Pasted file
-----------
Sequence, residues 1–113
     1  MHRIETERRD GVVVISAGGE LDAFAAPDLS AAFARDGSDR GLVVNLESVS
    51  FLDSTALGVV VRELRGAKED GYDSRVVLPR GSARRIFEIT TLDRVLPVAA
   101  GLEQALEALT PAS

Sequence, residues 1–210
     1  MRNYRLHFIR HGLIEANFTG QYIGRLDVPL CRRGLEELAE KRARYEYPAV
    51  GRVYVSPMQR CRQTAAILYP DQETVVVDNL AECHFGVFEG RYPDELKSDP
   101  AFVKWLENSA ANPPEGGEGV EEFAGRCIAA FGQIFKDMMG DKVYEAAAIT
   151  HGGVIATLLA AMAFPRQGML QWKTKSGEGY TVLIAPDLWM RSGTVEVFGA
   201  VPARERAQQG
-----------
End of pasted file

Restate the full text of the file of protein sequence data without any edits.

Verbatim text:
Sequence, residues 1–113
     1  MHRIETERRD GVVVISAGGE LDAFAAPDLS AAFARDGSDR GLVVNLESVS
    51  FLDSTALGVV VRELRGAKED GYDSRVVLPR GSARRIFEIT TLDRVLPVAA
   101  GLEQALEALT PAS

Sequence, residues 1–210
     1  MRNYRLHFIR HGLIEANFTG QYIGRLDVPL CRRGLEELAE KRARYEYPAV
    51  GRVYVSPMQR CRQTAAILYP DQETVVVDNL AECHFGVFEG RYPDELKSDP
   101  AFVKWLENSA ANPPEGGEGV EEFAGRCIAA FGQIFKDMMG DKVYEAAAIT
   151  HGGVIATLLA AMAFPRQGML QWKTKSGEGY TVLIAPDLWM RSGTVEVFGA
   201  VPARERAQQG